Rush Primary Care at Oak Park, located just outside Chicago, IL, is a three-physician primary care practice affiliated with Rush University Medical Center. The practice has a strong focus on preventing complications from chronic illnesses like diabetes and hypertension. Dr. Marie Brown, a physician with the group, has a particular interest in improving medication adherence among patients with chronic conditions. She has found the following three strategies to be especially effective.
First, Dr. Brown has found it is helpful to recognize the prevalence of nonadherence among her patients with type 2 diabetes, which may be as high as 50 percent. “Many of our patients with diabetes, or other chronic conditions such as hypertension, obesity, hyperlipidemia, and depression, are not taking their medications as prescribed. As physicians, we often incorrectly assume that patients adhere to all medication prescriptions and when their conditions are not improving, we add more medications.” She now routinely asks her patients multiple times—in a respectful and tactful manner—about their medication-taking behavior. “It takes several visits to establish a trusting relationship, so the patient knows I'm not going to blame or admonish him or her. Only when patients feel comfortable and respected, will they tell me how they're actually taking—or not taking—the drug.”
Next, recognizing that people are motivated more by immediate rewards than those in the distant future, Dr. Brown helps her patients identify the short-term benefits of taking medications as prescribed. “In the past, I would speak with my diabetic patients about preventing foot amputation or kidney dysfunction but those complications are too far away to motivate change.” Now Dr. Brown tells her patients with type 2 diabetes that if they take their medications as directed, they will potentially avoid such complications in the future but are also likely to experience more immediate benefits, such as:
Urinating less frequently
Having fewer sleep interruptions (due to fewer visits to the bathroom)
Having less fatigue from hyperglycemia
Losing weight (if insulin or sulfonylureas can be avoided)
Avoiding daily finger sticks to check blood glucose, if they are able to transition from insulin or a sulfonylurea to an agent that does not cause hypoglycemia (e.g., metformin)
Avoiding the weight gain and leg swelling associated with insulin, if they are able to take an oral agent consistently
Needing eyeglass prescriptions less frequently (visual acuity is more likely to remain stable)
Saving money (if they can use first-line drugs, which are less expensive)
Dr. Brown engages in these types of conversations with her patients using a two-step approach (see Box): providing information and providing specific instructions. First, she explains the purpose of the drug and the relationship between dosage and side effects. She stresses that the GI symptoms usually resolve within a week if the patient continues taking the medication as prescribed. Then Dr. Brown provides a specific plan for titrating the drug.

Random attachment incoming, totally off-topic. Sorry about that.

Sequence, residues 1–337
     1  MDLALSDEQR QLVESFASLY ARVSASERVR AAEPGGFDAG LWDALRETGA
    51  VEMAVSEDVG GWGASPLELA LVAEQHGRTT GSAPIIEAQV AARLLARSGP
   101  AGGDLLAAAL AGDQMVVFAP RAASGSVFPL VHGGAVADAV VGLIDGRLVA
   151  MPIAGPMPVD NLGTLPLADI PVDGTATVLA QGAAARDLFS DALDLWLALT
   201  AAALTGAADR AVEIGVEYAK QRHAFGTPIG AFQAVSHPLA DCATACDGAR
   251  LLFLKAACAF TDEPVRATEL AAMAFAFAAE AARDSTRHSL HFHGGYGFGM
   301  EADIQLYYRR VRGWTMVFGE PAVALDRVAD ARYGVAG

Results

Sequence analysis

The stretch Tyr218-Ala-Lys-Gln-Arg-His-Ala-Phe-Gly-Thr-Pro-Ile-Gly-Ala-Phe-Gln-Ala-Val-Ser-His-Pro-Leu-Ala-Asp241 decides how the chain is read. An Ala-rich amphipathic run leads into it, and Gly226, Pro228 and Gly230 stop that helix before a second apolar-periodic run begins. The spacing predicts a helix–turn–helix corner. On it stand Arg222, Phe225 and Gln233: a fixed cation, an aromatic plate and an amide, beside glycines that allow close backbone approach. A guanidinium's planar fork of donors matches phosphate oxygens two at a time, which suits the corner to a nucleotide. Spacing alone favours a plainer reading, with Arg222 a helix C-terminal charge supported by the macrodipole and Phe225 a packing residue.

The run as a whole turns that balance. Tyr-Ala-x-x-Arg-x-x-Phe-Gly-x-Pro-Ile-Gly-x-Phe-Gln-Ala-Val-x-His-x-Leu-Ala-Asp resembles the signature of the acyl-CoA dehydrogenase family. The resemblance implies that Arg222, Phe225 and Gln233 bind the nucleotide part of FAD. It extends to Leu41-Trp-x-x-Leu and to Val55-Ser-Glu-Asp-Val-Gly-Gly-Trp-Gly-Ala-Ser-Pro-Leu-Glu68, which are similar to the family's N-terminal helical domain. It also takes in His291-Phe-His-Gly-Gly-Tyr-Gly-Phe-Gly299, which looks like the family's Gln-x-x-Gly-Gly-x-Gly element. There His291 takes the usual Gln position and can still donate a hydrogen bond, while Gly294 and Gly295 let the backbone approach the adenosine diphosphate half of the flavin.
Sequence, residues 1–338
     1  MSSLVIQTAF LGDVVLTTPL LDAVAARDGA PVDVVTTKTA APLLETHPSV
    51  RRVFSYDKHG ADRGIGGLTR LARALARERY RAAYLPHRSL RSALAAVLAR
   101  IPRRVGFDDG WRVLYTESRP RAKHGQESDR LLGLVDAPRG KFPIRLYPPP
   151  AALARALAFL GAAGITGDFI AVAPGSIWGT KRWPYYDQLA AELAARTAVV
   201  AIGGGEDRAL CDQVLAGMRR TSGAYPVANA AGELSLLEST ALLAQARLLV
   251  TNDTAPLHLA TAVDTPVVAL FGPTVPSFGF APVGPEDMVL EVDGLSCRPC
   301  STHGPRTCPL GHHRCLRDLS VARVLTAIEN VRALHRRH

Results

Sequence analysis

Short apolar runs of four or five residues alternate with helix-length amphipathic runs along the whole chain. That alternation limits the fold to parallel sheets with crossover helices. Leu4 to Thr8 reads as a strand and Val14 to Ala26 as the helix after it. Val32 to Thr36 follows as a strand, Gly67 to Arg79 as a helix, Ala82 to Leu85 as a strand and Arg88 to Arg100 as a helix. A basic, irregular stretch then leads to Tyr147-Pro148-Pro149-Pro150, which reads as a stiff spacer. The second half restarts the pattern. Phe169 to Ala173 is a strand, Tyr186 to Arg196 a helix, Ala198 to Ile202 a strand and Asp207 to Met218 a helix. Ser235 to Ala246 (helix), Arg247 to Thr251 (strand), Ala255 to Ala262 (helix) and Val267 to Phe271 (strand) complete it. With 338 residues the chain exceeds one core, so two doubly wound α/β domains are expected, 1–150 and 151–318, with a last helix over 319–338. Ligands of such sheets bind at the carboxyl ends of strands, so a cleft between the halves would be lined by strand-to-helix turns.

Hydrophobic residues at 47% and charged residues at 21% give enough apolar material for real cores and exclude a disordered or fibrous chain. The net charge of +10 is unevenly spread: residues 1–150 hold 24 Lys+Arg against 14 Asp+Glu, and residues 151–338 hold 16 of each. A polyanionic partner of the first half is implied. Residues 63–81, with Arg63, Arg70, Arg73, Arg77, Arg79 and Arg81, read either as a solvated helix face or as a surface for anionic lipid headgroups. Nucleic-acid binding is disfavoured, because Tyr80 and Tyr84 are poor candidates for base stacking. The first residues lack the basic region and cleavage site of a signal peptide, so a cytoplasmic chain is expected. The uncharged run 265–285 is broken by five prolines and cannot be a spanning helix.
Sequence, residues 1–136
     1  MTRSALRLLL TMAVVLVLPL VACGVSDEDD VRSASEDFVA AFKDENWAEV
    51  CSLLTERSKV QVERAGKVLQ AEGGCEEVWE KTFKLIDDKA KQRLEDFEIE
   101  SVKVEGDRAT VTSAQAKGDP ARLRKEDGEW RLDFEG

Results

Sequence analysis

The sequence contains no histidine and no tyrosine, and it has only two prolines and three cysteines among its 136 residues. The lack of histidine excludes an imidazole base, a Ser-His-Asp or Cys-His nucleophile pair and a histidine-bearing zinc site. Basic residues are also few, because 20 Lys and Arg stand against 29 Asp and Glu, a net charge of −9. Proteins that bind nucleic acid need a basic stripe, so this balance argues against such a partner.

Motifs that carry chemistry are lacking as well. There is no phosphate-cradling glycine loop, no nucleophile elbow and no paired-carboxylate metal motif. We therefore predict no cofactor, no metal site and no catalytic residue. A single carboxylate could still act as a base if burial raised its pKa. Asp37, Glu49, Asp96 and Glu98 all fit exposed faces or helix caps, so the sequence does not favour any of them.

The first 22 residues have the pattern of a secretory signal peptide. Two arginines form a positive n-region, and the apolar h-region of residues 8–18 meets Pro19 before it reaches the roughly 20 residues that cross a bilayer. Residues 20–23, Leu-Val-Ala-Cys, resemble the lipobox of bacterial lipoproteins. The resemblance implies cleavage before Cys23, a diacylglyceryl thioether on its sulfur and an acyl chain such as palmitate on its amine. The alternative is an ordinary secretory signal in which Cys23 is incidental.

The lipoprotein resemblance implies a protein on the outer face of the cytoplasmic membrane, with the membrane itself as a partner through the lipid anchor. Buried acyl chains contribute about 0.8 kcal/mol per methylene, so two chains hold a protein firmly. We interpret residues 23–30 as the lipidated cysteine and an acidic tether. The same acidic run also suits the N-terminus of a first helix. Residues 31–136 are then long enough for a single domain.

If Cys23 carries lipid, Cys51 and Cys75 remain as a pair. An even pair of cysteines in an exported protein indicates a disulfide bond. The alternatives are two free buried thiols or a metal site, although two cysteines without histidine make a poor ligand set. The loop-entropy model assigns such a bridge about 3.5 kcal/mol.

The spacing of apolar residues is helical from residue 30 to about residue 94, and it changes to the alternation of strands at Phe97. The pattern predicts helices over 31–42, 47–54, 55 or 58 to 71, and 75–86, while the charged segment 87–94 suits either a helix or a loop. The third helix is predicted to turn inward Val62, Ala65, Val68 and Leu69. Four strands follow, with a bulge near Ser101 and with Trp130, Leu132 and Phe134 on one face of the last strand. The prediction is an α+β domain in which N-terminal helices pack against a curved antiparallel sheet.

Step 1: Provide information:
Metformin can help you lose weight and lower your blood sugar. Metformin is derived from the French lilac bush and is very safe. One of the good things about metformin is that it will not make your sugar go too low. It is very inexpensive as well.
Some patients experience a mild upset stomach and diarrhea when they begin taking metformin. These symptoms usually go away within a few days as your body gets used to the medication. The stomach upset and diarrhea may return every time you increase the dose. These symptoms will go away within a few days if you keep taking the medication.
Step two: Provides specific instructions:
Take 1/2 of [the usual starting dose] once a day. Taking the pill with food can help reduce stomach symptoms and diarrhea.
After you have had no stomach symptoms or diarrhea for one week, start taking [the usual starting dose] once a day.
If you do miss doses, start again at the lower dose (Step 1) and wait until the stomach symptoms go away before increasing the dose (Step 2).
Dr. Brown reports that it can take three to six months for some patients to reach the full metformin dose, but with slow titration, many are able to tolerate the drug.
Encouraging and educating patients takes more time initially, but saves time in the long run because patients meet their treatment goals more easily and require escalating therapy less often. By supporting medication adherence in these ways, Dr. Brown and her colleagues have seen many positive outcomes among their patients.
Specifically, among patients with type 2 diabetes who are able to switch from second-line drugs to metformin, within six months they often experience:
Weight stabilization or weight loss
Fewer required medications
Improved control of blood glucose levels
Fewer costs in terms of copays or out-of-pocket cost of medications
Having such conversations with patients also benefits the practice's clinicians and staff by reducing the time spent obtaining preauthorization for second-line drugs.
To learn more about medication adherence and how to implement it in your practice, view the STEPS forward module on this topic entitled Medication Adherence.
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